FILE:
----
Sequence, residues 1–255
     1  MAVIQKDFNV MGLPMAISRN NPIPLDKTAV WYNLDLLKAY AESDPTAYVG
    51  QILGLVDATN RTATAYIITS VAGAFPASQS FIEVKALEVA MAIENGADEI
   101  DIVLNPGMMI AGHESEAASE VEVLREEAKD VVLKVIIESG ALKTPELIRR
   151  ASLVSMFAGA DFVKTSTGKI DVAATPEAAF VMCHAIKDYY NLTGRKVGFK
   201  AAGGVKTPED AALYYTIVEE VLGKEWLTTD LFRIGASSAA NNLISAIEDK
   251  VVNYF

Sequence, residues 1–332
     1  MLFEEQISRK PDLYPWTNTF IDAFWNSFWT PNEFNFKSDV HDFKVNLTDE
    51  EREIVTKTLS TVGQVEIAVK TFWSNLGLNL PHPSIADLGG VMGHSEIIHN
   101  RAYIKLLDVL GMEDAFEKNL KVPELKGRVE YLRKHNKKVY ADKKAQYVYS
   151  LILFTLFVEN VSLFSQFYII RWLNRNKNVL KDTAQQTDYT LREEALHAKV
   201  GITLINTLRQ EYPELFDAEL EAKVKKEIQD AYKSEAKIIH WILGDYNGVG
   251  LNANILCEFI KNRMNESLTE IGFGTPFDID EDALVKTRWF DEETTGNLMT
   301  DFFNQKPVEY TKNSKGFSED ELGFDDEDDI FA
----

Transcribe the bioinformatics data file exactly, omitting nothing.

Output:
Sequence, residues 1–255
     1  MAVIQKDFNV MGLPMAISRN NPIPLDKTAV WYNLDLLKAY AESDPTAYVG
    51  QILGLVDATN RTATAYIITS VAGAFPASQS FIEVKALEVA MAIENGADEI
   101  DIVLNPGMMI AGHESEAASE VEVLREEAKD VVLKVIIESG ALKTPELIRR
   151  ASLVSMFAGA DFVKTSTGKI DVAATPEAAF VMCHAIKDYY NLTGRKVGFK
   201  AAGGVKTPED AALYYTIVEE VLGKEWLTTD LFRIGASSAA NNLISAIEDK
   251  VVNYF

Sequence, residues 1–332
     1  MLFEEQISRK PDLYPWTNTF IDAFWNSFWT PNEFNFKSDV HDFKVNLTDE
    51  EREIVTKTLS TVGQVEIAVK TFWSNLGLNL PHPSIADLGG VMGHSEIIHN
   101  RAYIKLLDVL GMEDAFEKNL KVPELKGRVE YLRKHNKKVY ADKKAQYVYS
   151  LILFTLFVEN VSLFSQFYII RWLNRNKNVL KDTAQQTDYT LREEALHAKV
   201  GITLINTLRQ EYPELFDAEL EAKVKKEIQD AYKSEAKIIH WILGDYNGVG
   251  LNANILCEFI KNRMNESLTE IGFGTPFDID EDALVKTRWF DEETTGNLMT
   301  DFFNQKPVEY TKNSKGFSED ELGFDDEDDI FA